CANADA FX DEBT-C$ sags on post-U.S. election fiscal anxiety

Wed Nov 7, 2012 4:33pm EST
 
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* C$ at C$0.9961 vs US$ or $1.0039
    * Currency reached C$0.9875 shortly after Obama victory
    * Status quo results spark jitters over U.S. fiscal cliff
    * German manufacturing data, ECB comments weigh on sentiment

    By Solarina Ho
    TORONTO, Nov 7 (Reuters) - The Canadian dollar weakened
toward parity with the greenback on Wednesday as gains made
overnight following U.S. President Barack Obama's re-election
gave way to concerns about brewing fiscal problems in the United
States and Europe.
    Obama defeated Republican challenger Mitt Romney on Tuesday,
while Obama's fellow Democrats retained control of the Senate
and Republicans kept their majority in the House of
Representatives. 
    The results signaled no dramatic shift in U.S. economic
policies. But investors, worried about the looming U.S. "fiscal
cliff," sought safety in assets considered less risky than the
Canadian dollar.
    The fiscal cliff refers to a $600 billion package of tax
increases and spending cuts is scheduled to take effect
automatically beginning at the end of 2012, which many fear
would drive the U.S. economy back into recession, unless the
White House and Congress reach a deal to avert the budget
actions. 
    The prospect of a possible recession drove stock markets
down sharply on Wednesday.
    "The steep slide in equity prices tells the story for risk
assets in general and that includes the Canadian dollar. So the
weakness in the (Canadian dollar) is pretty much following on
that trend," said Greg Moore, FX strategist at TD Securities.
    "We're basically in the same place we were before the
election. The division is still there. Basically the market
sense would be that negotiations might be just as difficult as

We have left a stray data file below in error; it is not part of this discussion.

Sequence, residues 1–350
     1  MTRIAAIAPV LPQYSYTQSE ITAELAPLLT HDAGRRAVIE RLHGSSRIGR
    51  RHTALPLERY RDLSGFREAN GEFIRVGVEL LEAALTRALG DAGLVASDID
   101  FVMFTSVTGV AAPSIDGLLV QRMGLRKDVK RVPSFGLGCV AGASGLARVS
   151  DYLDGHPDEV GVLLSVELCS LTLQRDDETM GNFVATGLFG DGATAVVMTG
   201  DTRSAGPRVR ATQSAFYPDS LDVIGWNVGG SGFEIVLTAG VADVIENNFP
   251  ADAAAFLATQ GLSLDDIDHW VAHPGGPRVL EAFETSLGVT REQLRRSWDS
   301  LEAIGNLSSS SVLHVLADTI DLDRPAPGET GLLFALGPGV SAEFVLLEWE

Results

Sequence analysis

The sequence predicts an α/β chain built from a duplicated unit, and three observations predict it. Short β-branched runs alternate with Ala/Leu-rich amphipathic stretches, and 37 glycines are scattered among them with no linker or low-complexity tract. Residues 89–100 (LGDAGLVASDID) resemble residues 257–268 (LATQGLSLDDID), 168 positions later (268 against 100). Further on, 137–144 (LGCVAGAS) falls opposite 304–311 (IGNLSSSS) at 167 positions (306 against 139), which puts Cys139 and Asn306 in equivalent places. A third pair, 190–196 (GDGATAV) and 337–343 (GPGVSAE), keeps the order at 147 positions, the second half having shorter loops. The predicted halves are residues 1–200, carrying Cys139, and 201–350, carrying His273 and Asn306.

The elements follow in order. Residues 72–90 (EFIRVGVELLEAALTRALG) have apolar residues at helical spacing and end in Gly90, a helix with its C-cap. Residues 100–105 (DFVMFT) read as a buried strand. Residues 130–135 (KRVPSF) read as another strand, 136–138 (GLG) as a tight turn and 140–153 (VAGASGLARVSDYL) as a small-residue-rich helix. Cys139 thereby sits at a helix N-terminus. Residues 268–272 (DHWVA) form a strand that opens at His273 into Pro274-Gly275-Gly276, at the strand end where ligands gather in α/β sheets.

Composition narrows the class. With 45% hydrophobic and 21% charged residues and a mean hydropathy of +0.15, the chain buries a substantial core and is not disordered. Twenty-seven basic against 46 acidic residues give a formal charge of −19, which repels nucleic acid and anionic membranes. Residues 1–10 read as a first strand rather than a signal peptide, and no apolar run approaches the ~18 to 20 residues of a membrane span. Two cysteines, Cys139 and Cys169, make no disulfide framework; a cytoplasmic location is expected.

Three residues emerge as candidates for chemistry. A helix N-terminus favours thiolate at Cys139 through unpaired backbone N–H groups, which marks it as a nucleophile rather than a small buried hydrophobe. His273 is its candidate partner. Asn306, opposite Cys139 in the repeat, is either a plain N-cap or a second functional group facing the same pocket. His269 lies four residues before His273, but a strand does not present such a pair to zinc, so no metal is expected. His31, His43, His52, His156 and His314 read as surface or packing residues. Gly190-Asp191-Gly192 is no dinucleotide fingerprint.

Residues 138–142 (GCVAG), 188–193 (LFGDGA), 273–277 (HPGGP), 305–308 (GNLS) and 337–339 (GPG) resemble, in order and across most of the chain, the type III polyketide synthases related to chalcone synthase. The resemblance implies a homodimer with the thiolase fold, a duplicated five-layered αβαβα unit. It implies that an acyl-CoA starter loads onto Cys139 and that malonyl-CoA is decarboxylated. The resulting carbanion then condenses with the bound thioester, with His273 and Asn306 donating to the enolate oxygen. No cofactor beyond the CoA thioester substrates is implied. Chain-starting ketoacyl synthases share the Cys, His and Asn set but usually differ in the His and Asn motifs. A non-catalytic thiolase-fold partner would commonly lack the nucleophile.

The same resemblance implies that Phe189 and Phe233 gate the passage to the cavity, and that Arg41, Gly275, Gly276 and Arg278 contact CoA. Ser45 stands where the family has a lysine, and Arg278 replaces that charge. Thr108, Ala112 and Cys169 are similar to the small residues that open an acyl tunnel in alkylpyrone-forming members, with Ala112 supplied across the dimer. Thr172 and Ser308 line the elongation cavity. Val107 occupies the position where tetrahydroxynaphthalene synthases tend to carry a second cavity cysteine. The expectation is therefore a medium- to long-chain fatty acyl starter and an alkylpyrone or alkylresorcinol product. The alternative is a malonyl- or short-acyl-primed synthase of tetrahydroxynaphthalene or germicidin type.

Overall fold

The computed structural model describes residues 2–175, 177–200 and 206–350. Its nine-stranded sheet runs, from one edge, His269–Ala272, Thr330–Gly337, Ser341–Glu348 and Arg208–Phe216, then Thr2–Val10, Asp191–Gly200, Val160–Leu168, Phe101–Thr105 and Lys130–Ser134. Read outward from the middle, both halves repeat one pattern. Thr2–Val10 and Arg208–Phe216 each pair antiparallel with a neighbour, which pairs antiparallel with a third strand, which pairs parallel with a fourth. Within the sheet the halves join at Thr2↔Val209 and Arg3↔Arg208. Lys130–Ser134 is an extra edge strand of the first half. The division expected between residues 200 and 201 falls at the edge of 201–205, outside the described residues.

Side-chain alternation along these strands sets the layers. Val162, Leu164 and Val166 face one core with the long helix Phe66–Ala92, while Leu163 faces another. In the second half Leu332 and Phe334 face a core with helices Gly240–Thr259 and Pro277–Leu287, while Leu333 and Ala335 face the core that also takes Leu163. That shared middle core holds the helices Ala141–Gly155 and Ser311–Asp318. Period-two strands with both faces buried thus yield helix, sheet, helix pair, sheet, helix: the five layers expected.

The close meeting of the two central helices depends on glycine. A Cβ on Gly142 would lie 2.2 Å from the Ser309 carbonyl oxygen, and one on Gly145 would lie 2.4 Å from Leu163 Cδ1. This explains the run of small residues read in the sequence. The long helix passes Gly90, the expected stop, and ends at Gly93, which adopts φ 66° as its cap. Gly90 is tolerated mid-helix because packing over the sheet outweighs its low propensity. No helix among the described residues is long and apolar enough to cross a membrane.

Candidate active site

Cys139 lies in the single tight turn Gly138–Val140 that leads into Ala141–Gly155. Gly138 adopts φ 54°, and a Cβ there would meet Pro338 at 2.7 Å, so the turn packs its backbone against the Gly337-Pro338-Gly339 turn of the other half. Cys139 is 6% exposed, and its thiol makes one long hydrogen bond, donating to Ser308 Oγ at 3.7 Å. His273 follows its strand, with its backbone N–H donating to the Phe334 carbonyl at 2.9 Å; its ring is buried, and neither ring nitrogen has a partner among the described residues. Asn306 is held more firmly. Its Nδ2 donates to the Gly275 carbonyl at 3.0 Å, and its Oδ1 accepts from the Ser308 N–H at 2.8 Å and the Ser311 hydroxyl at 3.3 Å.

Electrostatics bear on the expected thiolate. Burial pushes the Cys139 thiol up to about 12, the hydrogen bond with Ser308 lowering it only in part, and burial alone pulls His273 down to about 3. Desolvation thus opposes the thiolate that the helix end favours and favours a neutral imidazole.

they were before the election."
    The Canadian dollar ended the North American
session at C$0.9961 to the U.S. dollar, or $1.0039, weaker than
Tuesday's finish at C$0.9918, or $1.0083. It also underperformed
against most other major currencies.
    Overnight, the currency strengthened briefly to a near
three-week high of C$0.9875, or $1.0127, a move shared by its
commodity-linked counterparts. It touched its strongest level
against the euro in nearly a month and had its best
showing against the pound in about two weeks.
    
    EURO CRISIS WEIGHS ON GERMANY
    Also on Wednesday, data signaled that manufacturing in
Germany, Europe's largest economy, is running out of steam three
years into the euro zone debt crisis. 
    That data was a catalyst for the initial risk-asset
sell-off, Moore said, but as the North American session opened,
focus turned to fears the fiscal cliff could crush U.S. economic
recovery.
    Separately, European Central Bank President Mario Draghi
said the bank expects the euro zone economy to remain weak "in
the near term." The ECB is expected to maintain its monetary
policy when the group meets this
week.  
    "The comments from the ECB ... weighed on sentiment a little
bit. So you saw Canada weaken off on that news, and I think U.S.
dollar gained some of that safe-haven flow on the risk-off
reaction to it," said Don Mikolich, executive director, foreign
exchange sales at CIBC World Markets.
    A huge rally in Greece involving nearly 100,000 protesters
that turned violent underscored the ongoing unrest over the
euro-zone crisis. The demonstration was held as Greek lawmakers
neared a vote on an unpopular austerity package to win aid from
lenders. 
    Mikolich expected the trading range for the Canadian dollar
to hold to C$0.9850 to U.S. dollar parity in the near term.
    The price of Canadian government debt rose across the curve.
The two-year government of Canada bond was up 8
Canadian cents to yield 1.077 percent, while the benchmark
10-year bond was up 60 Canadian cents to yield 1.741
percent.